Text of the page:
A Single Inventory

Having separate National and Regional Inventories has always been an untidy and somewhat confusing business, the format largely being an accident of history. Work is currently underway to create a single (National) Inventory with included pubs allocated one of three rankings:

  • Three Star, where the pub has stayed wholly or largely intact for the last 50 years, or retains a particular room or feature that is truly rare or exceptional, or displays a combination of the two;
  • Two Star, for pubs with interiors where the intactness and quality levels are somewhat lower than for Three Star;
  • One Star, for pubs which have either a readily identifiable historic layout or retain rooms or features of special interest, but more has changed than in a Two or Three Star pub.

5. More to be Done and Acknowledgements

More Inventory Pubs and Re-evaluations

Returning to the inventories, we even now find pubs that have been overlooked and deserve recognition whilst, in other cases, research identifies a need for re-evaluation. We have a Pubs Visit list detailing those pubs currently wanting inspection by PHG members either to check on reported developments or follow up leads or just generally take a view on whether they meet the criteria for inventory inclusion. At the time of writing, the number of pubs on this list stands at over 100 so plenty of work still to do.

Joint Working with Other Heritage Bodies

As with any group, there is much we will continue to do and much more we would like to do. As an example of the latter, we are just one of many players on the heritage scene and though we have good links with some bodies, such as Historic England, there are many opportunities for forging further improved links – with civic societies for instance.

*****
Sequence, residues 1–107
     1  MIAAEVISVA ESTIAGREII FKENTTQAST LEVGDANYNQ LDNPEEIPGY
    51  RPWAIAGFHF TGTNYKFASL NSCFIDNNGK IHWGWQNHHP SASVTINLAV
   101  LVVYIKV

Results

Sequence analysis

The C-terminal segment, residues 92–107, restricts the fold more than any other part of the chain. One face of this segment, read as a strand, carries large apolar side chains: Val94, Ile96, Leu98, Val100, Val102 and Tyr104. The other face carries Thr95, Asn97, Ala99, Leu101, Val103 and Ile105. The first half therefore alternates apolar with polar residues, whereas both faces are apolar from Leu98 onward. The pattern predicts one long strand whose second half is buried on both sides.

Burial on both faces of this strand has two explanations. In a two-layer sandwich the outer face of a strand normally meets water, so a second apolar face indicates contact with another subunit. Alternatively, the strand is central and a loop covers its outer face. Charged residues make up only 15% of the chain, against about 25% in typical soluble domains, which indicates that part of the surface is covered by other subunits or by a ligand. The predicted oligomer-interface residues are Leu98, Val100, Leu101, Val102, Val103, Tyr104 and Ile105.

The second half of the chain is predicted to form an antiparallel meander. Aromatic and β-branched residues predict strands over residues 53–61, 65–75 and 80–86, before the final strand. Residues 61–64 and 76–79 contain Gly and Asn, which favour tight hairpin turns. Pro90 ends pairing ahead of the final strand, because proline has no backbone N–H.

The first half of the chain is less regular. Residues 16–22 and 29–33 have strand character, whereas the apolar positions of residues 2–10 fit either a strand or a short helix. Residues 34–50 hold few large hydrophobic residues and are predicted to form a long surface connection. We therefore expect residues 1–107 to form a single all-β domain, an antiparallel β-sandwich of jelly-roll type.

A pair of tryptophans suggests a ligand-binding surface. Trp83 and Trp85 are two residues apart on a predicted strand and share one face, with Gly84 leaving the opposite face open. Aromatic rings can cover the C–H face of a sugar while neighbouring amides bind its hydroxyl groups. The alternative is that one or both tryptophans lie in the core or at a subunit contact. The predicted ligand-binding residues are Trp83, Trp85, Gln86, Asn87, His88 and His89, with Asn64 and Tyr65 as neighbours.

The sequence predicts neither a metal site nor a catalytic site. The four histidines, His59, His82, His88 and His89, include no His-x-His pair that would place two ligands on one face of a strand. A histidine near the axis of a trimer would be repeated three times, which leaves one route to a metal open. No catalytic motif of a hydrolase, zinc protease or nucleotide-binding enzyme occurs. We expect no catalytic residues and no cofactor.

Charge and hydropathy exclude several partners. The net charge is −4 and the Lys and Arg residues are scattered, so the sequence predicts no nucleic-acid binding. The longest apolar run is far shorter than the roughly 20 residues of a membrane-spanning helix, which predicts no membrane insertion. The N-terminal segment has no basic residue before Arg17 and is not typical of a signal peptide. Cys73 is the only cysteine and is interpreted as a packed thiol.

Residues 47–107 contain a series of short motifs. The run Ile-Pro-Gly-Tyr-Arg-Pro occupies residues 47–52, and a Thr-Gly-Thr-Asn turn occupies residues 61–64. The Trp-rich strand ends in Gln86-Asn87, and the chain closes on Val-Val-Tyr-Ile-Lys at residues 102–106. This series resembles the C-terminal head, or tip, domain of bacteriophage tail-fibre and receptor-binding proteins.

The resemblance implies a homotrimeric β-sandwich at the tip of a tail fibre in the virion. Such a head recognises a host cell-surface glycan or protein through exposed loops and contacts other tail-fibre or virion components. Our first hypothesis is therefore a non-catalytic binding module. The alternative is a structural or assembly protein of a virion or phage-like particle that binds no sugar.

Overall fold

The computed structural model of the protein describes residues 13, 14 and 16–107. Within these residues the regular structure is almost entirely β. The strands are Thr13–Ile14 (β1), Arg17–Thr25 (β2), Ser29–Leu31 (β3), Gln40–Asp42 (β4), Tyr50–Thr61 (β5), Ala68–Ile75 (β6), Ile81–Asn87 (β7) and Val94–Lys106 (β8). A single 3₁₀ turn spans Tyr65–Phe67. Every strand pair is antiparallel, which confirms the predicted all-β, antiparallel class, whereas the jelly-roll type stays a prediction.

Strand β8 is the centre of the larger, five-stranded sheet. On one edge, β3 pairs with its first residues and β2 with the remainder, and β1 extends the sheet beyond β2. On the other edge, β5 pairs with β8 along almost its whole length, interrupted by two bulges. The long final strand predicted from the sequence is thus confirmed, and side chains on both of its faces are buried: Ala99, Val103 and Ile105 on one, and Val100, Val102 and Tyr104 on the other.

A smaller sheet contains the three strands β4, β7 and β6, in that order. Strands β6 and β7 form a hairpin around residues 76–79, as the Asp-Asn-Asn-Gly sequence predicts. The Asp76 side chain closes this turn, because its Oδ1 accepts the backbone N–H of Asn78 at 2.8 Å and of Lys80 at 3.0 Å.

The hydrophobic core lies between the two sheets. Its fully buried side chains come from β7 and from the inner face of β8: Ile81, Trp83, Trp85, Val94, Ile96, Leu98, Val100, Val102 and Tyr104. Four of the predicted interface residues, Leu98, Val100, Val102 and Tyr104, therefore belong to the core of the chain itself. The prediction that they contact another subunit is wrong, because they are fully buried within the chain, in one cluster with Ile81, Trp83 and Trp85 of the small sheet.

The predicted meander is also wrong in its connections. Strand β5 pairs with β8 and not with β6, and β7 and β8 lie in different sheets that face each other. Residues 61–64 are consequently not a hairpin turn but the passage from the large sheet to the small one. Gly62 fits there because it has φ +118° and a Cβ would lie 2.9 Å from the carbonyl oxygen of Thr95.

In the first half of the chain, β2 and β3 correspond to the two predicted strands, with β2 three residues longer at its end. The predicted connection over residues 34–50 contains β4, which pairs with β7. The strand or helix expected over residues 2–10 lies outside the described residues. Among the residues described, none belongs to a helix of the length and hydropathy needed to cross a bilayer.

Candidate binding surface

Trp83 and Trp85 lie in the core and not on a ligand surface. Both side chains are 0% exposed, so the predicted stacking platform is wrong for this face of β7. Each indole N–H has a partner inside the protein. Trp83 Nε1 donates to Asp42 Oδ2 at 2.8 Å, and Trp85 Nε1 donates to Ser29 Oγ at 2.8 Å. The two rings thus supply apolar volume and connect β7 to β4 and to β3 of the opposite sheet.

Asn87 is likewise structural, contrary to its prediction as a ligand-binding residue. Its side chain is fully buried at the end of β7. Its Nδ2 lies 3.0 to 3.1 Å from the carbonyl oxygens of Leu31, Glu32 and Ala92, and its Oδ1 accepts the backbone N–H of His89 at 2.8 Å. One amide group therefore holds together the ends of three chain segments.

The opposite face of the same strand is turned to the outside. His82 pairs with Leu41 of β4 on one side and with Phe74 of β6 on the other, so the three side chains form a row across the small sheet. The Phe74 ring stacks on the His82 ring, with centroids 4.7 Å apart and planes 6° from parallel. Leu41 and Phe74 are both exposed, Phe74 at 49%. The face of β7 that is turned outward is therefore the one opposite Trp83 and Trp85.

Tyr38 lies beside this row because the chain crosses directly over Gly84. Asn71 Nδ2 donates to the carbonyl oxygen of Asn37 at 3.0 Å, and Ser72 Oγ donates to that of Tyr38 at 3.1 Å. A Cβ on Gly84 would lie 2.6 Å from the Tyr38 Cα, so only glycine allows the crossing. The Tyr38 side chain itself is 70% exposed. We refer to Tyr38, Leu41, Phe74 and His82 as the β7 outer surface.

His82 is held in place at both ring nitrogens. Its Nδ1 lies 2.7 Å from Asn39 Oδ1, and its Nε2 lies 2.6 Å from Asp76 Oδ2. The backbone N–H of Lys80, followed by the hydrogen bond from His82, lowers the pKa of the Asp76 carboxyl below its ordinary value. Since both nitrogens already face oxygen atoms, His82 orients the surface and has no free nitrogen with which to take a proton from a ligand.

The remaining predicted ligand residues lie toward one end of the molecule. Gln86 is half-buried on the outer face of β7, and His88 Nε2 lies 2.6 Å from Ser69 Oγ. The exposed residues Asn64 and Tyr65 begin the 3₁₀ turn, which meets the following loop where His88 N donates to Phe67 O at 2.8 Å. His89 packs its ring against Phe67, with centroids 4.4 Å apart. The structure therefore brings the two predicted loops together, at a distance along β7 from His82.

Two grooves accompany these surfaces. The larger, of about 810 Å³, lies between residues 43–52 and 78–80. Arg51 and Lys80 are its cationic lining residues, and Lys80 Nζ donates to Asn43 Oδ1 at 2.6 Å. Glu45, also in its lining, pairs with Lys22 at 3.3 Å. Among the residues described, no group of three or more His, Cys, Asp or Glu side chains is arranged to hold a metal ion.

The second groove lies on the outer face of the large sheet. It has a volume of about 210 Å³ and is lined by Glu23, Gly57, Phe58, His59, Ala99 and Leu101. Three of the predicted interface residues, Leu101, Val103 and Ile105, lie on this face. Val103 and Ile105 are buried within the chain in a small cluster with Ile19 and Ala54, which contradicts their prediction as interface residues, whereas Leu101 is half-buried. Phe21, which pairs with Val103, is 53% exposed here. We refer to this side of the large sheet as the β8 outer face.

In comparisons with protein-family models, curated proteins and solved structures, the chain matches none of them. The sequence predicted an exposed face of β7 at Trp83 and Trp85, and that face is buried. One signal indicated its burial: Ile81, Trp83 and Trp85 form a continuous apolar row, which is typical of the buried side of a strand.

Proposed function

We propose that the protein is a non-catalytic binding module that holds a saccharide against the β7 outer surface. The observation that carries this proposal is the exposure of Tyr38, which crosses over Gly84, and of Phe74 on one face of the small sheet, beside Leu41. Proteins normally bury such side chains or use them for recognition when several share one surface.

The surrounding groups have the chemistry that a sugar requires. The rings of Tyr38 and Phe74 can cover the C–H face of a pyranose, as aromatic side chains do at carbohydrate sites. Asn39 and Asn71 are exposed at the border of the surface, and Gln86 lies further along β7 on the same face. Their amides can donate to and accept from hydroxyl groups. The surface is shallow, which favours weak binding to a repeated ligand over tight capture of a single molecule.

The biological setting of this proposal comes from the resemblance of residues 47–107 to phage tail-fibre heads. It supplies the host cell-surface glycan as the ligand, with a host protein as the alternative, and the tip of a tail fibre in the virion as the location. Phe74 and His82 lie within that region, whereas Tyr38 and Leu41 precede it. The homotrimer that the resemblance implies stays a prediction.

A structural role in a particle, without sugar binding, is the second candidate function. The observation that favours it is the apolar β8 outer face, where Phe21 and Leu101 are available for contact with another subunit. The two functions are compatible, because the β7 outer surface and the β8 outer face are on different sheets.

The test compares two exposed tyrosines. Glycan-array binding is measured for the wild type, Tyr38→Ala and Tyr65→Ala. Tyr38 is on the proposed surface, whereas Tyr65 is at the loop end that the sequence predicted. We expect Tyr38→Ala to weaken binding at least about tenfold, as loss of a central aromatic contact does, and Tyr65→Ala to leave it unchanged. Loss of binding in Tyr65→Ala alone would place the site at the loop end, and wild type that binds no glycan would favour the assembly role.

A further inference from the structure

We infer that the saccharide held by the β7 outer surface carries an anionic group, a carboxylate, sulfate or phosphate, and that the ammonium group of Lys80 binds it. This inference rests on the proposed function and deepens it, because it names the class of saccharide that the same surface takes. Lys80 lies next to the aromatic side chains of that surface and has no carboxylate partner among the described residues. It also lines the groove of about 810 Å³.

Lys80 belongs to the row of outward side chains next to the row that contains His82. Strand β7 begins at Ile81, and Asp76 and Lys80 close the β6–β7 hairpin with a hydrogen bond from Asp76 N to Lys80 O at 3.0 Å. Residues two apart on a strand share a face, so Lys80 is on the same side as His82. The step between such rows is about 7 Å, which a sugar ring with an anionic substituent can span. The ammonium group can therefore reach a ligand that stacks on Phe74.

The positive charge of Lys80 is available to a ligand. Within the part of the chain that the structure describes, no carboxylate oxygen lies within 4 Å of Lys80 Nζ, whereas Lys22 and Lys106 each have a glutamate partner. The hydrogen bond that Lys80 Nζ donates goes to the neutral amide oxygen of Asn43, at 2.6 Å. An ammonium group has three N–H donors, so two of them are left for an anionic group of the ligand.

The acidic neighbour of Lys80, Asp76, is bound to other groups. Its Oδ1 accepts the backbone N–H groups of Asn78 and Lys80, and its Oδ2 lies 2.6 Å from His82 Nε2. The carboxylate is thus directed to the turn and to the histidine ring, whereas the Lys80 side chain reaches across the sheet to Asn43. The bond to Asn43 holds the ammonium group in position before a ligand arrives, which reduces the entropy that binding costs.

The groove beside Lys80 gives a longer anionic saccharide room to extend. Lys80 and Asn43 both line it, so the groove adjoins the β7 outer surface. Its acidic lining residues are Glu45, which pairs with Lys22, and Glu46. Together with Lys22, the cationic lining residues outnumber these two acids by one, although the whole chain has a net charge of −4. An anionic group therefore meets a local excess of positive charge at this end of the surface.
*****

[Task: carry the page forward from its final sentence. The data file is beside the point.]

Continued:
Our Volunteers

Many people, too numerous to mention individually, have contributed greatly to CAMRA’s efforts to further the pub heritage cause over the years. As noted earlier, Dave Gamston and Andrew Davison were in at the start with the York PCG. Dave, as ‘father’ of the pub heritage project, remains an invaluable source of wisdom and knowledge. He is still an active member of PHG and is currently working on the next edition of the Yorkshire’s Real Heritage Pubs guide. The same applies to Andrew whose experience and connections through his day job as a Historic England inspector have been immensely helpful; he also runs the pub heritage stand at the Great British Beer Festival, a key public face for the project. Special mention must go to another long-standing member, the indefatigable Mick Slaughter from Peterborough. Over the years Mick has visited and reported on more heritage pubs than, probably, the rest of the current PHG put together and without his tireless efforts the inventories would be in much poorer shape than they are. Another important string to Mick’s bow is his brilliant photographs which adorn both our publications and the website. The late Geoff Brandwood has already featured several times and his work as our caseworker for many years took the professionalism and credibility of our efforts to new heights – as previously mentioned, he is greatly missed. There are many others I could, and perhaps should, mention but suffice to say, they know who they are and I hope they know how much their contributions have been appreciated. It has been my personal privilege to chair PHG for the past 18 years and it has always been a pleasure to work with colleagues so passionate and knowledgeable about our precious pub heritage – between us I believe we have made a real difference.

Others to Thank

I should also thank the wider world of CAMRA and, indeed, of historic pub enthusiasts generally, who feed us valuable information and tip-offs. At national level, senior CAMRA colleagues have generally left us to get on with it and such non-interference has been most welcome and regarded as a vote of confidence. When we’ve needed it, support has been forthcoming, both from the National Executive and from our paid staff. We’re especially grateful for the excellent working relationship which has developed with our CAMRA Books arm – the healthy sales of our publications make this a mutually beneficial relationship.

To sum up, as long as there are heritage pubs to promote and protect, a Pub Heritage Group will be needed to make that happen.

Paul Ainsworth, Chair, Pub Heritage Group, October 2022